After 12 months of investigations, Stephen Dank will be formally accused by ASADA of committing more than 30 anti-doping rule violations.

After 12 months of investigations, Stephen Dank will be formally accused by ASADA of committing more than 30 anti-doping rule violations. Photo: Getty Images

With an expert panel of the Australian Sports Anti-Doping Authority to meet on Thursday, Stephen Dank’s name is set to be entered on the register of findings – a critical development that could have serious ramifications in the AFL.

While Fairfax Media understands ASADA’s seven-member Anti-Doping Rule Violation Panel has other items on its agenda, including matters in other sports, Dank’s decision not to respond to a ''show cause'' notice issued by authorities last month is now an outstanding issue for deliberation.

After an investigation over more than 12 months, ASADA has formally accused the biochemist who has worked for several AFL and NRL clubs of committing more than 30 anti-doping rule violations. The next steps, given Dank has not provided the national anti-doping body with reasons why he should not be pursued, is the independent review of ASADA’s case – the rule violation panel exists for this purpose – and further down the track, the issuing of a sanction.

In any case pursued by ASADA, it is the panel which decides whether the evidence collected is compelling enough to register athletes, or athlete support personnel, onto the register of findings for a suspected anti-doping rule violation or violations.

Former ASADA boss Richard Ings is among those predicting the panel will move swiftly on Dank’s register of findings entry provided there have been no substantial developments in the case.

But even if the panel, chaired by Professor Andrew McLachlan, agrees to place Dank on the register of findings, it is unlikely he will be informed for some days.

While the detail of the anti-doping rule breaches ASADA levelled at Dank in writing last month is unclear, Fairfax Media understands that two AFL clubs – Essendon and Gold Coast – were referenced in his ''show cause'' notice.

Critical, in terms of the potential ramifications for Essendon and the Suns, which both employed Dank, is whether ASADA has accused the sports scientist of administering prohibited substances because the charge would implicate athletes – in this case AFL footballers.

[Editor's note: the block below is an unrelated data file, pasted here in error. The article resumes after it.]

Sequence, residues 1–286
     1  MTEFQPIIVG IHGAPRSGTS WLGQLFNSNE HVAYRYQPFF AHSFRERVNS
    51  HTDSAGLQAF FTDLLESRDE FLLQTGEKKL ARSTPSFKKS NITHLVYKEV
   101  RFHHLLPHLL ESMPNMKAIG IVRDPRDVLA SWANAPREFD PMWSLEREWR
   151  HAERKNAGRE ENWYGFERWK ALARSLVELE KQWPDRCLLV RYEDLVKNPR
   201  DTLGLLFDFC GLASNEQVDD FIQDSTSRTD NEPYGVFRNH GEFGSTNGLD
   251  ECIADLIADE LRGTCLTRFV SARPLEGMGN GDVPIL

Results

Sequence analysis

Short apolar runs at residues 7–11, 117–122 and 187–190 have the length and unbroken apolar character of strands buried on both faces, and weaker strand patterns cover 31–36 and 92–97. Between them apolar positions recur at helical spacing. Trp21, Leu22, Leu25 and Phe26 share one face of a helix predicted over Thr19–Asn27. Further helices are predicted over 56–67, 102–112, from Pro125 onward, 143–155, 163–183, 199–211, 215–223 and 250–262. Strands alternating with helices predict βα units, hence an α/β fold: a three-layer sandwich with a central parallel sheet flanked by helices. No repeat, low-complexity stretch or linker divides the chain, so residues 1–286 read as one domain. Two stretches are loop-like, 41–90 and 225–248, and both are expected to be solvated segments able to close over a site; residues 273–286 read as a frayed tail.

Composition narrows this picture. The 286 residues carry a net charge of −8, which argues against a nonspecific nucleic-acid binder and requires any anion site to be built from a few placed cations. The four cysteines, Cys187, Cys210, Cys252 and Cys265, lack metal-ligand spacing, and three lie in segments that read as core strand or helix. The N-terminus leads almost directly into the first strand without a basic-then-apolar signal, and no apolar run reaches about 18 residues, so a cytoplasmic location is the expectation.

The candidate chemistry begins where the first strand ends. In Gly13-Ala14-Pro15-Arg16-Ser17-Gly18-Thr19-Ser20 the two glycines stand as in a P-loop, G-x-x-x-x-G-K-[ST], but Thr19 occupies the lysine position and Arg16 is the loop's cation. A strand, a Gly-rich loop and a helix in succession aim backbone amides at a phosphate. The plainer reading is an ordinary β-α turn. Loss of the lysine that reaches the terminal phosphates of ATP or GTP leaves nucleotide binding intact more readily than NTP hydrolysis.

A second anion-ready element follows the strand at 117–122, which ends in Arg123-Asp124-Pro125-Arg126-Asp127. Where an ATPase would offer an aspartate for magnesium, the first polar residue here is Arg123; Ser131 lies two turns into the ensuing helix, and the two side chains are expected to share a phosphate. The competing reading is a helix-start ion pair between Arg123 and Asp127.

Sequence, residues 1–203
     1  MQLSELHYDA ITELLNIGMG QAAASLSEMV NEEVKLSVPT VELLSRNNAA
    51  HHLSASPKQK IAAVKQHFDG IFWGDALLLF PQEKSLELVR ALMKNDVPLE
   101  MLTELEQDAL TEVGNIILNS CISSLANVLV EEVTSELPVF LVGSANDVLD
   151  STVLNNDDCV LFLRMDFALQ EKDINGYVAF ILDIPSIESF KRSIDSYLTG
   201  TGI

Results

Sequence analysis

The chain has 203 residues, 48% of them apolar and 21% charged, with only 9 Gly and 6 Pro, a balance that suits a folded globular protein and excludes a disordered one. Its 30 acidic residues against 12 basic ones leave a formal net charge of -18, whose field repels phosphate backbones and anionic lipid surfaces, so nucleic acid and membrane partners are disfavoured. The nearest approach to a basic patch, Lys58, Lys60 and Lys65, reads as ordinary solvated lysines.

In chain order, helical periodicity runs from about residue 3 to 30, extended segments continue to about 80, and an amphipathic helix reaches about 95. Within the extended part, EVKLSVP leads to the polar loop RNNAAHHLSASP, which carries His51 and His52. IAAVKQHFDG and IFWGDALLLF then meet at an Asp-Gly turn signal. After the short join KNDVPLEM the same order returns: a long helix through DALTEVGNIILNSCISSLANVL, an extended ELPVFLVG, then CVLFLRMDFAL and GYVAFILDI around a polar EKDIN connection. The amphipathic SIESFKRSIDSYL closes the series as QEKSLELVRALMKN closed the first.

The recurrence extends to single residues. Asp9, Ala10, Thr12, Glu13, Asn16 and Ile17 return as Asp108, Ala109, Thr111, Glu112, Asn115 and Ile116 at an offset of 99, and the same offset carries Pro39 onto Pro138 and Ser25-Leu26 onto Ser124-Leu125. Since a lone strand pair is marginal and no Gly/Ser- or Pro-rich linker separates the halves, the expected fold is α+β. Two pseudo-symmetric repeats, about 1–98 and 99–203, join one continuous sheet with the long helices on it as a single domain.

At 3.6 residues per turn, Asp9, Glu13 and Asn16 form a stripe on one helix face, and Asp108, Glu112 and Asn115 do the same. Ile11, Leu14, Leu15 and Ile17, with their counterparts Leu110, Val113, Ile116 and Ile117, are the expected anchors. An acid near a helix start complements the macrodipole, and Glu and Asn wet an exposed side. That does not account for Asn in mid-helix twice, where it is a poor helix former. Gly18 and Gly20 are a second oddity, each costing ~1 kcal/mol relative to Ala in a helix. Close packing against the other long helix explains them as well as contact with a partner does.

Classified in the eyes of ASADA as ''support personnel'' when he worked at Essendon and the Gold Coast, Dank was bound to rules relating to the administration, attempted administration, trafficking, attempted trafficking, and possession of substances that are prohibited for athletes under World Anti-Doping Agency rules.

''Support personnel'' can also be sanctioned for assisting, encouraging, aiding, abetting, covering up, or any other type of complicity that involves an anti-doping rule violation or an attempted anti-doping rule violation.

Other than confirm he received a ''show cause'' notice, and that he has no intention of co-operating with ASADA, Dank has not elaborated on precisely what ASADA has charged him for. Dank’s lawyer, Greg Stanton, did not return calls from Fairfax Media on Wednesday.

ASADA, meanwhile, deferred questions about the ADRVP to the Department of Health, which said, in a written reponse, that ''the deliberations and timing of ADRVP meetings are confidential and outcomes are not publicly disclosed''. 

Once an individual is listed on ASADA's register of findings, they are typically issued with an infraction notice from the administration of the relevant sporting body. In this case, given the alleged anti-doping rule breaches ASADA has outlined to Dank, it's expected that would involve the AFL.

While an entry on the register of findings can be challenged, in Australia, through an Administrative Appeals Tribunal, Dank maintains he would only fight any charges from ASADA in the Federal Court. Sanctions for anti-doping rule violations can also be appealed through separate hearing processes that are often lengthy and costly.